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CATEGORIES (articles) > Steering, Suspension, brakes & drivetrain > Technical > Cadence braking technique explained

Cadence braking technique explained

Cadence braking is a technique used to stop a car or other vehicle more quickly on a slippery surface. It would normally be used to effect an emergency stop where traction is limited, though for use in an emergency requires a presence of mind that the situation itself might preclude.

Maximum braking force is obtained when there is approximately 11% slippage between the braked wheel's rotational speed and the road surface - at this point rolling resistance is maximised, and there is a small additional contribution from sliding friction - beyond this amount of slippage, rolling resistance diminishes rapidly and sliding friction alone slows the vehicle. Due to local heating and melting of the tyres, the sliding friction can be very low.

Cadence braking involves pumping the brake pedal fairly rapidly but deliberately, to make the wheels lock and unlock. Because a locked wheel creates a smaller braking force than one which is just on the point of locking, this technique will cause the vehicle to stop more quickly, because the point of optimum braking is passed through multiple times. In addition, by avoiding a total lock-up, steering control can be retained, at least in part. While cadence braking is effective on most surfaces, it is less effective than keeping the wheel continually at the optimum braking point. However, this is almost impossible to do manually, and so in practice cadence braking is a better technique for manual control. Note that the principle of cadence braking is automated in anti-lock brakes (ABS). When ABS is present the best emergency stop will be obtained by simply pressing hard on the brakes, forcing the ABS to perform.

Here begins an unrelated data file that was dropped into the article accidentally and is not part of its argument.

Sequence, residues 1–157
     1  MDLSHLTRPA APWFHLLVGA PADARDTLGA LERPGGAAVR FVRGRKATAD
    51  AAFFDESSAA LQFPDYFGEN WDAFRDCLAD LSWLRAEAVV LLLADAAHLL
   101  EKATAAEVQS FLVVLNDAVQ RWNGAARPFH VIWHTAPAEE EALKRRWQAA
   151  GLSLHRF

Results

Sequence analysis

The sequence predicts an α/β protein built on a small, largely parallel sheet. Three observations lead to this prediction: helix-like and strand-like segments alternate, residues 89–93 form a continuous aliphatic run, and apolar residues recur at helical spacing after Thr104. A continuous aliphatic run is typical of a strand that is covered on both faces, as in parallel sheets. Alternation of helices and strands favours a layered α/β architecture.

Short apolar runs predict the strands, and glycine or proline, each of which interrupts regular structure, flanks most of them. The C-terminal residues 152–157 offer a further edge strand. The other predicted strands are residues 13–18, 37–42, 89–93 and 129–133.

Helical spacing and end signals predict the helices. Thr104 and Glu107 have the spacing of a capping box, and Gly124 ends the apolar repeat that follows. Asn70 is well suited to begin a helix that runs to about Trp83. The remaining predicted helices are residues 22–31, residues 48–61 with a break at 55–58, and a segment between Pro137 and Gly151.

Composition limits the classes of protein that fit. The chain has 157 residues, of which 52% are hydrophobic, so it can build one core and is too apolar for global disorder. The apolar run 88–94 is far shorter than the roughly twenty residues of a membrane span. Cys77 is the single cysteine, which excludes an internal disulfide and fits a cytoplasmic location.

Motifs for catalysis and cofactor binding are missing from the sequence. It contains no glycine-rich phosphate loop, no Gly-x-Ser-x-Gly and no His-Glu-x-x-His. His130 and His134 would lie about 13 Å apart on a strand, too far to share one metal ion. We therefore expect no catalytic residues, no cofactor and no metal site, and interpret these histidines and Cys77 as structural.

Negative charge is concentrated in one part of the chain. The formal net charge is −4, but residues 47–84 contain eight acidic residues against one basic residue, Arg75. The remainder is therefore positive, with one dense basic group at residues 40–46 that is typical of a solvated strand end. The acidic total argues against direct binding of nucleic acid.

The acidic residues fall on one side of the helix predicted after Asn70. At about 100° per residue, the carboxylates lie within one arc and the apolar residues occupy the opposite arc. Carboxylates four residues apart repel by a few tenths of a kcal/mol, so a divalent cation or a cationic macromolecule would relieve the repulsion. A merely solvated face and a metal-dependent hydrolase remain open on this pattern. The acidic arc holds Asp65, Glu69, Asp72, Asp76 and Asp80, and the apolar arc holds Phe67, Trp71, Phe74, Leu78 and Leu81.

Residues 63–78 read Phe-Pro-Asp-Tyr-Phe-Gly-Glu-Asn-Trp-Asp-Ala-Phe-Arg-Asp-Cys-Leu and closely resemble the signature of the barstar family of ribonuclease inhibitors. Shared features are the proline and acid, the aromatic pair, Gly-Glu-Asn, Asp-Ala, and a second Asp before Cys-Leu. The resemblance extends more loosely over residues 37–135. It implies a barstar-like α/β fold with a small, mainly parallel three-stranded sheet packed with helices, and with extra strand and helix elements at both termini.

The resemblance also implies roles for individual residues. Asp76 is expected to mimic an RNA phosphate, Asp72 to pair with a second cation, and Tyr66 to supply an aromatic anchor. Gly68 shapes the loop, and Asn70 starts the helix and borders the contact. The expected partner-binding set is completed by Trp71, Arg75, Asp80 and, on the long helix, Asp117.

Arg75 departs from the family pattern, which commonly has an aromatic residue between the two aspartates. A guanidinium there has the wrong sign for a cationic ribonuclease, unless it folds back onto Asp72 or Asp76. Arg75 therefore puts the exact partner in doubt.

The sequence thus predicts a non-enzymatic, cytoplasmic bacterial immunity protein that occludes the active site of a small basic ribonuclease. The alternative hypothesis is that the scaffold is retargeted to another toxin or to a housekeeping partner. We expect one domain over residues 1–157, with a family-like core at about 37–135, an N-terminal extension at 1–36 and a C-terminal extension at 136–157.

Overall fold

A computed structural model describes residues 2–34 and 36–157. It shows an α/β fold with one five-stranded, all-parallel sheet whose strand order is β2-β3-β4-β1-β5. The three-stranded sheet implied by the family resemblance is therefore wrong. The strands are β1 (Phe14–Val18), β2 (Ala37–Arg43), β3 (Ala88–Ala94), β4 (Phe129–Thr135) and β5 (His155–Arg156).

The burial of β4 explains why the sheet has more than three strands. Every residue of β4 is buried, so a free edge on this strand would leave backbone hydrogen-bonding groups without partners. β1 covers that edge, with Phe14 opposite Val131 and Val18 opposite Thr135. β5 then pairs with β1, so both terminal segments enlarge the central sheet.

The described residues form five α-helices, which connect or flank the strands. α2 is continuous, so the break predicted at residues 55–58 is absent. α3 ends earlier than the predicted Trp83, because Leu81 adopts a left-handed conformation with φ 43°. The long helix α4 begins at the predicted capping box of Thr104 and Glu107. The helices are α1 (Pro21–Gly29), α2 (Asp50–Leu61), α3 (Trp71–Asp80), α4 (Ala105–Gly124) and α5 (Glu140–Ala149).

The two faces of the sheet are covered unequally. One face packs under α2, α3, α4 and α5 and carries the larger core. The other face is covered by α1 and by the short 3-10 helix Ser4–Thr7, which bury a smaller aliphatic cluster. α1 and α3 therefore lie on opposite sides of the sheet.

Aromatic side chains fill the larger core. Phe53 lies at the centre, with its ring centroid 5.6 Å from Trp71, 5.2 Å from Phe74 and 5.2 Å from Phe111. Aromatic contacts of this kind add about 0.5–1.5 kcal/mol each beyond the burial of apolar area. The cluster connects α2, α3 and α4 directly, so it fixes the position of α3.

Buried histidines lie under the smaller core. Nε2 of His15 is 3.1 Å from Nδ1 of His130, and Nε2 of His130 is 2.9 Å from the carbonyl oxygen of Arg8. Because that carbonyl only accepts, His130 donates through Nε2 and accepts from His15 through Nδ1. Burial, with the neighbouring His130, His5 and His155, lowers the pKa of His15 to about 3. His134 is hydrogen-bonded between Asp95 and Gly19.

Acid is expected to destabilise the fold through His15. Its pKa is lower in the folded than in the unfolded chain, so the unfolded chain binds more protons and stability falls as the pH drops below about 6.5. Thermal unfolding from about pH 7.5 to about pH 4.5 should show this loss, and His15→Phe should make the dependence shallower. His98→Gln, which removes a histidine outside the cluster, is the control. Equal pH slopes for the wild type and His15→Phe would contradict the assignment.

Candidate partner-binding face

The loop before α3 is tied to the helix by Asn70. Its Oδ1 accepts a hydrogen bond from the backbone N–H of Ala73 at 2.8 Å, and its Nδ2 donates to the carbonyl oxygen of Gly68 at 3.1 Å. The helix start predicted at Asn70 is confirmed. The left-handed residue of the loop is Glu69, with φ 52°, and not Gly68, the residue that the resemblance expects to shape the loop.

Cadence braking will not help on extremely slippery surfaces such as ice (in theory it would, but in practice the ice can be so slippery that it makes little difference -- a winter tyre would make more difference), or on very loose surfaces, where a quicker stop can be achieved by simply locking the wheels - a wedge of loose material will build up ahead of the wheels and create a substantial braking force. However for most surfaces encountered, cadence braking will almost always stop a vehicle more quickly than either steady braking or locking the wheels.

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CATEGORIES (articles) > Steering, Suspension, brakes & drivetrain > Technical > Cadence braking technique explained

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